If you are new to growing marijuana, welcome to the club. There’s nothing quite like growing your own herb, and being in control of your own medicine supply.
Growing weed is both a labor and a love. It can be challenging in the beginning, when you don’t quite know what to expect, and aren’t sure how to proceed. After all, there are so many different parts to the puzzle.
There’s the technical aspect, sizing equipment appropriate, optimizing your set up. There’s the cultivation aspect, knowing how to run a schedule and get all the tasks done on time. Then there’s the artistic/holistic aspect, of “listening” to the plants and knowing what to do next.
As part of our mission, we want to pass on the information we’ve learned to those just getting started on their journey to growing marijuana. If have not already done so already, we highly suggest you check out these two series:
- How to Grow Cannabis Indoors (5-part series)
- A Week-By-Week Guide to Flowering Cannabis (9-part series)
In this series, we are going to cover the topic of Defoliating Cannabis Plants.
- Part 1: What is Defoliation
- Part 2: When to defoliate your plants
- Part 3: Best Practices for defoliating your plants
What is Defoliation and Why should you Defoliate your Marijuana Plants?
In this first part, we will discuss the general concept of what exactly is defoliation. You may have heard the term. Or you may have heard people refer to trimming marijuana plants.
There are actually two different types of trimming when it comes to weed. We will discuss those below.
Trimming vs. Defoliation: What is the difference?
When we use the phrase “trimming,” we are almost always referring to the act of trimming the final product, cured bud. If we are talking about trimming the actual plant, we use the phrase “defoliating the plant.” This is not for some semantical argument, it’s just to clarify what we are talking about in this article series.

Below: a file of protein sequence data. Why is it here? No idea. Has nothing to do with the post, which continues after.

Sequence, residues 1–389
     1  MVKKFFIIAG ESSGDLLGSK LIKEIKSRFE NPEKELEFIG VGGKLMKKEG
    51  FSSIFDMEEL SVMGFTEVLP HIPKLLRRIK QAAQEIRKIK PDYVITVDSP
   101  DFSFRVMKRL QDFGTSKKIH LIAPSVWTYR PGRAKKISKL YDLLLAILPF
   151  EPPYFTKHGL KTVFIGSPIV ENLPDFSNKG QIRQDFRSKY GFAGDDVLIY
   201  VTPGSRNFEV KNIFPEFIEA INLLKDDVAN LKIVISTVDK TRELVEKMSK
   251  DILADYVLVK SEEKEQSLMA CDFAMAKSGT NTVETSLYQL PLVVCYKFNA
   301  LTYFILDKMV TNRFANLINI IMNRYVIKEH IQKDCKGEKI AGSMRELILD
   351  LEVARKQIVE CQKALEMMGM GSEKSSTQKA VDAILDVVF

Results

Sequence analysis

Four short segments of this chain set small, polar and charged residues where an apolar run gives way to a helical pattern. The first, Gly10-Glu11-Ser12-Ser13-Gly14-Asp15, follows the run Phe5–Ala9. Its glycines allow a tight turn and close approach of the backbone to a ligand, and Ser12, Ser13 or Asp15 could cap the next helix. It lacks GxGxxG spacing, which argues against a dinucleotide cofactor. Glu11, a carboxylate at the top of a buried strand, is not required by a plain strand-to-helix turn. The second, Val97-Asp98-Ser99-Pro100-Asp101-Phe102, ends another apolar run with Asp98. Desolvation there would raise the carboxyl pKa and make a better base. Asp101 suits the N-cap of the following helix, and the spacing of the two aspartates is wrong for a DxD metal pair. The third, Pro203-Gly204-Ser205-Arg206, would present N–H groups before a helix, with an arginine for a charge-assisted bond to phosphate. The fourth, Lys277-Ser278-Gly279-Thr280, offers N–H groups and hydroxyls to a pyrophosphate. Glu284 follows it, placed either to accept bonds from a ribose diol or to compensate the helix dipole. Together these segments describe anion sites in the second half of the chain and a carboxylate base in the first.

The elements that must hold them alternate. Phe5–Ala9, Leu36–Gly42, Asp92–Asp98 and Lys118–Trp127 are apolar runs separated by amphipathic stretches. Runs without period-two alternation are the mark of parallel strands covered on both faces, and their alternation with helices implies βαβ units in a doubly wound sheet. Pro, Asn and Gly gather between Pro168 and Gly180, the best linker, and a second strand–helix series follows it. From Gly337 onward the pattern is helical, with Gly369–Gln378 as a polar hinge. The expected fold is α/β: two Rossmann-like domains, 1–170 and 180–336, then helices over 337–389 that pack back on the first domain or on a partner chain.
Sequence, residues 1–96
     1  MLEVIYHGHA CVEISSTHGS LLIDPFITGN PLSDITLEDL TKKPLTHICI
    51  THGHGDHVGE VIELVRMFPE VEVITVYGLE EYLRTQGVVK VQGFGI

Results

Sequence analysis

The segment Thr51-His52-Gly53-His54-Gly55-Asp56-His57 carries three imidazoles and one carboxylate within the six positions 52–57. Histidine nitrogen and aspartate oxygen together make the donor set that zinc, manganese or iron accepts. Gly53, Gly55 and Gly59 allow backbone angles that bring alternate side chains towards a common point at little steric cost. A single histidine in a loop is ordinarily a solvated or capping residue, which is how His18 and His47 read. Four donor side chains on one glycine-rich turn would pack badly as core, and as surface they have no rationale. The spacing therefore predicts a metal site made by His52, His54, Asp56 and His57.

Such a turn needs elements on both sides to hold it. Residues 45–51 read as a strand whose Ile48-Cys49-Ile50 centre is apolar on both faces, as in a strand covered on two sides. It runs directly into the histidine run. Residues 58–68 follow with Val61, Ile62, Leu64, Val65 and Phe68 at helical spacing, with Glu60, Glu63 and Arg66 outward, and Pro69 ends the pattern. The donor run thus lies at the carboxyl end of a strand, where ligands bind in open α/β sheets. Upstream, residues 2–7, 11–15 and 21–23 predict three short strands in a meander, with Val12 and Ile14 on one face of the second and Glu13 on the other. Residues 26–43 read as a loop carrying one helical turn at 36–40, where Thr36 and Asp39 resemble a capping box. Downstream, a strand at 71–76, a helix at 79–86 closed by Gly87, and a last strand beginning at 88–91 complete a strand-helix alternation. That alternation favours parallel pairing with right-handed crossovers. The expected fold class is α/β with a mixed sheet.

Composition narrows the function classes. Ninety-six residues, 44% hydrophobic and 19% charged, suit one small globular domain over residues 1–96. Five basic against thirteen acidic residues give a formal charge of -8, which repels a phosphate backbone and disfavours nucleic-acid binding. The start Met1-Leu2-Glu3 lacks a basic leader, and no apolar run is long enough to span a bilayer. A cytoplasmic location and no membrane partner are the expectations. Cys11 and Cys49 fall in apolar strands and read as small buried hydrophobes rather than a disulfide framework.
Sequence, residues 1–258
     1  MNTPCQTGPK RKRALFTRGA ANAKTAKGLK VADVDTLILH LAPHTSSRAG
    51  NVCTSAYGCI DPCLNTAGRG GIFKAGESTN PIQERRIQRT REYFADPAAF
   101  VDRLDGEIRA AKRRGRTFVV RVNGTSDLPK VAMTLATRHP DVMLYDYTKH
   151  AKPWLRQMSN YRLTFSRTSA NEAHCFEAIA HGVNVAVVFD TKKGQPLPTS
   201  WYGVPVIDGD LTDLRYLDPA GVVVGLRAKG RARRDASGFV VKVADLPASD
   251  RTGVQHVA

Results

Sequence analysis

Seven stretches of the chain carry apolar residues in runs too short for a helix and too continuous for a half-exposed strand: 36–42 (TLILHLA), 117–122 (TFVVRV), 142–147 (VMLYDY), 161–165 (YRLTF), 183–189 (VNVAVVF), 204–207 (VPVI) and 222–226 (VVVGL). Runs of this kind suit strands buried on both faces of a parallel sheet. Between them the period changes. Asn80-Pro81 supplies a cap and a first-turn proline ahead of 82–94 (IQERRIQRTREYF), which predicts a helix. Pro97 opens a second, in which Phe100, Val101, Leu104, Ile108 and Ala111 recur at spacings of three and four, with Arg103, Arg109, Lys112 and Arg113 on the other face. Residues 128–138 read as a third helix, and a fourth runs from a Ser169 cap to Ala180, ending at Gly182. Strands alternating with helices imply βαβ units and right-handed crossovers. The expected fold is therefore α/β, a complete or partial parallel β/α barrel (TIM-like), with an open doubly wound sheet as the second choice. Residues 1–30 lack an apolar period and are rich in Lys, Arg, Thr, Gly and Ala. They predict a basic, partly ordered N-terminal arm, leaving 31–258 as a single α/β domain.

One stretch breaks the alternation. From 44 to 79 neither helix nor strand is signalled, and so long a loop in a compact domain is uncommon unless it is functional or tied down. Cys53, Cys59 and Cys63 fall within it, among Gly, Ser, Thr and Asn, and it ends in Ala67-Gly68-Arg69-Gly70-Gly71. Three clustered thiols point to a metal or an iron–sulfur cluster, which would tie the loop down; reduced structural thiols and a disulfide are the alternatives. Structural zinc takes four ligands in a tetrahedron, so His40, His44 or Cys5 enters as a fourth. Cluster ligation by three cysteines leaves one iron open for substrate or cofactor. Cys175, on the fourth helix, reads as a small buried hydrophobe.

We’ve written before about trimming your bud, but this article series is all about trimming your weed plant. And so we are talking about defoliating your marijuana plant of its fan leaves.
Whereas with trimming bud, you are taking the dried flowers, removing them from the branches (we’ll call this shucking), and then trimming the fine leaves that have dried around the bud. This is an important obvious step in the cultivation process. But there is another very important component to a successful harvest, and that is removing excess leafy material from the plant during the both the vegetative and flowering stage. And we refer to this as defoliating the plant.
The Purpose for Defoliating Marijuana Plants
There are several reasons you will want to defoliate your plants.
- Increase yield
- Increase air flower
- Increase light penetration
- Decrease risks of disease and mold growth
Defoliating the plants Reduces risks of disease and pathogen growth
You actually decrease many risks by defoliating yoru plants. This is because one, you simply have less plant material crammed into each other. Less material for pests to latch on to. And less material to get sick in the first place and spread.
In addition, by removing all the plant material, you open up the passage ways of fresh air and increase the overall airflow above and below the canopy.
By increasing airflow, you reduce the risk of mold growth by making it harder for these spores to congregate and grow.
Increase Yield with Proper Defoliation
Of no small concern in any flowering cycle is yield. We all want to yield more. And of primary importance in achieving that goal is making sure your plants are defoliated.
When you defoliate your plants, you allow light to penetrate through the canopy and feed the entire plant. All the buds get a higher PPFD and are directly exposed to the lights. Given that cannabis like any other plant is fed through photosynthesis, this increases growth.
Let’s face it: Fan leaves on a pot plant are huge. And they will block a substantial amount of light from most of the buds. Instead of bright light, these nugs will get hit with a shadow cast from these giant fan leaves.
There is a line of thinking fan leaves act as solar panels and transmit the same energy through to the rest of the plant. But our real world experience has shown us that bushy, tangled plants do not yield nearly as well as plants that have been heavily defoliated and kept pruned up.
The bottom line is that if you want to maximize your yield, you must defoliate your plants during the flowering stage.
We explain the timing of when to schedule your defoliation activities in Part 2: When to Defoliate (i.e. trim your plants) in Cannabis Cultivation.